What is the AHA's Archives Wiki about?
Archives wiki aims to become a standard, up-to-the-minute reference guide to research archives and their holdings. Typically, such information is exchanged via (often exclusive) word-of-mouth networks, or through fixed and less flexible media, such as printed works or mailing lists. Ideally, this wiki will help to democratize access to knowledge about archives, to sidestep restrictive measures of those who control certain archives, and to help researchers avoid duplicating discoveries. For more on the rationale behind the wiki, see the original two-part proposal ( 1 and 2 ) on the AHA's blog.
What sort of articles are included?
A typical article contains a variety of practical information about conducting research at a particular archive.
Who edits this wiki?
The community that can contribute to this wiki includes thousands of archivists, historians and other researchers, many of whom already exchange information about archives in person or using mailing lists.
How much do I need to know to contribute?
There is no threshold. In many ways, current graduate students--those currently using archives and most at ease with technology--are better situated than senior scholars to contribute to the Archives wiki.
What if I have a question?
While the site is in its early stages, a mailing list may be developed to link those at the centre of the project. As certain popular pages grow, their own discussion pages should carry more traffic and go their own way.
Why should I log in?
Contributors are required to log in, in order to control the quality of information and to facilitate communication among the community of scholars interested in each archive. Those who cannot use their real names--those, for instance, who risk losing access to archives by sharing information about them--may wish to use pseudonyms. Eventually, certain archives or countries could be designated anonymous-contribution-enabled zones.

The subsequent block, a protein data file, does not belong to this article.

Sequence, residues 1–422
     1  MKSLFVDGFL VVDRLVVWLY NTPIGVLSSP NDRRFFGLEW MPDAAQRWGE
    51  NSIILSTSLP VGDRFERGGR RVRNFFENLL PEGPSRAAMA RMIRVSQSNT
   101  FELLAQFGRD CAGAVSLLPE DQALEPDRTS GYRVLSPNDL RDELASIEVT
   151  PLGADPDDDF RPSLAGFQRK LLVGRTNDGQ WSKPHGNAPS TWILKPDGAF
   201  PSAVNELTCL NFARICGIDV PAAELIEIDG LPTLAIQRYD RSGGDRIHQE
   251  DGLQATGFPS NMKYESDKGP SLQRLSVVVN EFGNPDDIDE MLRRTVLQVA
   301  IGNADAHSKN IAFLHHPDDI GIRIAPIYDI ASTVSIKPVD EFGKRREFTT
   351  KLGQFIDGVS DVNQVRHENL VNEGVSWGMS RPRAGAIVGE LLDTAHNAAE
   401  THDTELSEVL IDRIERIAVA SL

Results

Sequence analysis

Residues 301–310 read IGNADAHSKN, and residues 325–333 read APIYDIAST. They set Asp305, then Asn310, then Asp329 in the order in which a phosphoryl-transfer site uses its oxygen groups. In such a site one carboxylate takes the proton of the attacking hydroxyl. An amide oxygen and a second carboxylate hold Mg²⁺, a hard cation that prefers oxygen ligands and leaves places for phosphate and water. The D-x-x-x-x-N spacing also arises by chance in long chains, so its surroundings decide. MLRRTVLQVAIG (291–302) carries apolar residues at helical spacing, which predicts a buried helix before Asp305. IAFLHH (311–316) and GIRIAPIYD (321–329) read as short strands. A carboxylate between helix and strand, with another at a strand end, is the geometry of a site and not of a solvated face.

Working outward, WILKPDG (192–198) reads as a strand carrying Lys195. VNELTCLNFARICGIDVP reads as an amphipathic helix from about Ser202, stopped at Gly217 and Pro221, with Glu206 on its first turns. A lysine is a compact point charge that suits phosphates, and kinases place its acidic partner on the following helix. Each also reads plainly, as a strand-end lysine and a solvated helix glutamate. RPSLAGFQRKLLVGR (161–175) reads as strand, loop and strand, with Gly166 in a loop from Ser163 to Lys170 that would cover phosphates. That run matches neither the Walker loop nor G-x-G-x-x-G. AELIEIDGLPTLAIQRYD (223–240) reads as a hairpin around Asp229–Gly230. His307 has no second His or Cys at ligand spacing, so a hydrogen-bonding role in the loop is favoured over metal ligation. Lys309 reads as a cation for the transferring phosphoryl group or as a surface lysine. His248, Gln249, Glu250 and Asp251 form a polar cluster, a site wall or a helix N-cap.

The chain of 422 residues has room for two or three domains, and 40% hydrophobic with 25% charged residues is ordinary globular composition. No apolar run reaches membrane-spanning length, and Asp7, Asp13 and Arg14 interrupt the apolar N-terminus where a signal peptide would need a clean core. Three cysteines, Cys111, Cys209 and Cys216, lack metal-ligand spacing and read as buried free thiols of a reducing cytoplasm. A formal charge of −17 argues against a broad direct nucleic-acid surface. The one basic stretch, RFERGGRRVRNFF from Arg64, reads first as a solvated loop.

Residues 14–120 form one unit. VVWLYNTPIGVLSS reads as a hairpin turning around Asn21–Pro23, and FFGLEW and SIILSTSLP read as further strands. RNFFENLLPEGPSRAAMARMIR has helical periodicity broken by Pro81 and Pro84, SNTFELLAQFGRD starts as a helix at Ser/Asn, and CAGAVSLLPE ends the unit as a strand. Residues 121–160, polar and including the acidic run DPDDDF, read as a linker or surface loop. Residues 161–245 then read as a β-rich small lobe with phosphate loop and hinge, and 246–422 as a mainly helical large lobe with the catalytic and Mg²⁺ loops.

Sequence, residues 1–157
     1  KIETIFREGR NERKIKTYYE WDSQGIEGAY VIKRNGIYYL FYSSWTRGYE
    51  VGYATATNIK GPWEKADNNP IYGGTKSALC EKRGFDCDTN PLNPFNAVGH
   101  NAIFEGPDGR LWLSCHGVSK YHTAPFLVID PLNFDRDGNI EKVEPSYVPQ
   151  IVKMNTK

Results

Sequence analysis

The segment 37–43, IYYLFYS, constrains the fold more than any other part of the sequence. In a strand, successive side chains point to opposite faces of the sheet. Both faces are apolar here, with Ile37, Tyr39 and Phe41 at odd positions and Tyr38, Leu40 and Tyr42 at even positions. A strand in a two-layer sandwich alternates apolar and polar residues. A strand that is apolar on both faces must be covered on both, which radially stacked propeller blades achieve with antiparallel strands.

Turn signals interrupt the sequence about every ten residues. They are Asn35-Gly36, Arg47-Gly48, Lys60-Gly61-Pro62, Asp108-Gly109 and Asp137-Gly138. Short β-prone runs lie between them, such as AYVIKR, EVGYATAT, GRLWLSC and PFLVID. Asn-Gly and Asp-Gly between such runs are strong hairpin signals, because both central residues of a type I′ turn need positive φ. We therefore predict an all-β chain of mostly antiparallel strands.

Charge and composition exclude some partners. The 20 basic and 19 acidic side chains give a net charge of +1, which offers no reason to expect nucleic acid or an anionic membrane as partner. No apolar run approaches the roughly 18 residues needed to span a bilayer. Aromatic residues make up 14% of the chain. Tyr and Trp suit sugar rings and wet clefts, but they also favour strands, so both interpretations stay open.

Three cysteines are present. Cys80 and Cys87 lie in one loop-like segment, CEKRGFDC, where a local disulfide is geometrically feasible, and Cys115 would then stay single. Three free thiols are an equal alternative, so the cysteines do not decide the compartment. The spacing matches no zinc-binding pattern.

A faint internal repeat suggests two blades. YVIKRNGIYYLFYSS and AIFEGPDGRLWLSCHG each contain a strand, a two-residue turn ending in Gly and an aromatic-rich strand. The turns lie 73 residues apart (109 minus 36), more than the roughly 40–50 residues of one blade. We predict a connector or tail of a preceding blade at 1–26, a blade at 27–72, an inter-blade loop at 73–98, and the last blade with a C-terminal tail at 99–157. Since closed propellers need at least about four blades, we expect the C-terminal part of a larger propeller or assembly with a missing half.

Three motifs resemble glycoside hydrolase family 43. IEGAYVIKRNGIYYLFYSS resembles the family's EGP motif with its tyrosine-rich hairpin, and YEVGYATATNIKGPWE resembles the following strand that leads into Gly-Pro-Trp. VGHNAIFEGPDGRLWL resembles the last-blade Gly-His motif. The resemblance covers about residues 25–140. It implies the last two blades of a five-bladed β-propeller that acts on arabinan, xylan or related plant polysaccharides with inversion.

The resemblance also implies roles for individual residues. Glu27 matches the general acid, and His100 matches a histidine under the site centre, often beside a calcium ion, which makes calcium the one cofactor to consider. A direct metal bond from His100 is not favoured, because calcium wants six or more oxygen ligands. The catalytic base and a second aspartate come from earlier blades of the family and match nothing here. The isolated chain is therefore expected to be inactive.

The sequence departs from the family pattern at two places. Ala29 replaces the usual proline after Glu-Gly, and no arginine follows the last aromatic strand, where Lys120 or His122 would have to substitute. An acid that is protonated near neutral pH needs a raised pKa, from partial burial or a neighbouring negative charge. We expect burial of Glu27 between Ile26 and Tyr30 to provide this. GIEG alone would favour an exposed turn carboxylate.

What counts as an archive?
Documentary archives, research libraries, special collections departments, and any other places researchers visit to access unique or rare material.
What should I name a page?
Because many archives have identical names (there are hundreds of "national archives" thousands of "municipal archives"), the proposed page naming structure is geographical. Pages for archives with names that are in any way ambiguous should be named according to country or city as well as with the name of archive (hence "National Archives of the United Kingdom," rather than just "National Archives.")
How do I write this gibberish?
Most archival researchers have limited experience with or time to learn markup language. For this reason, most basic functions should be as automatic as possible. Page naming might be particularly problematic, and can best be addressed through the use of templates. Country pages will contain an "add a city" button, and city pages will contain an "add an archive" button. Anecdote is to be avoided. Once they reach a certain size (15 lines?) certain headings can be given their own page. The template for each archive will be simple, consisting of only a few (5?) categories. See these sample brief template and detailed templates. Users will refer to a more elaborate list (and larger entries) in order to find ideas and conform to format. See this sample complete entry.
Can I create archive descriptions in other languages?
The ultimate aim is to be multilingual (à la Wikipedia), in order to establish momentum the wiki should start with English entries. Eventually, it may make most sense for the page of reference for each archive be in the working language of that archive.
Where do I find out about archival research tools?
ArchivesWiki might host ancillary pages concerning research-related issues, such as database design, document photography, research networks, projects in progress at certain archives, projects published drawing on certain archives, and so on.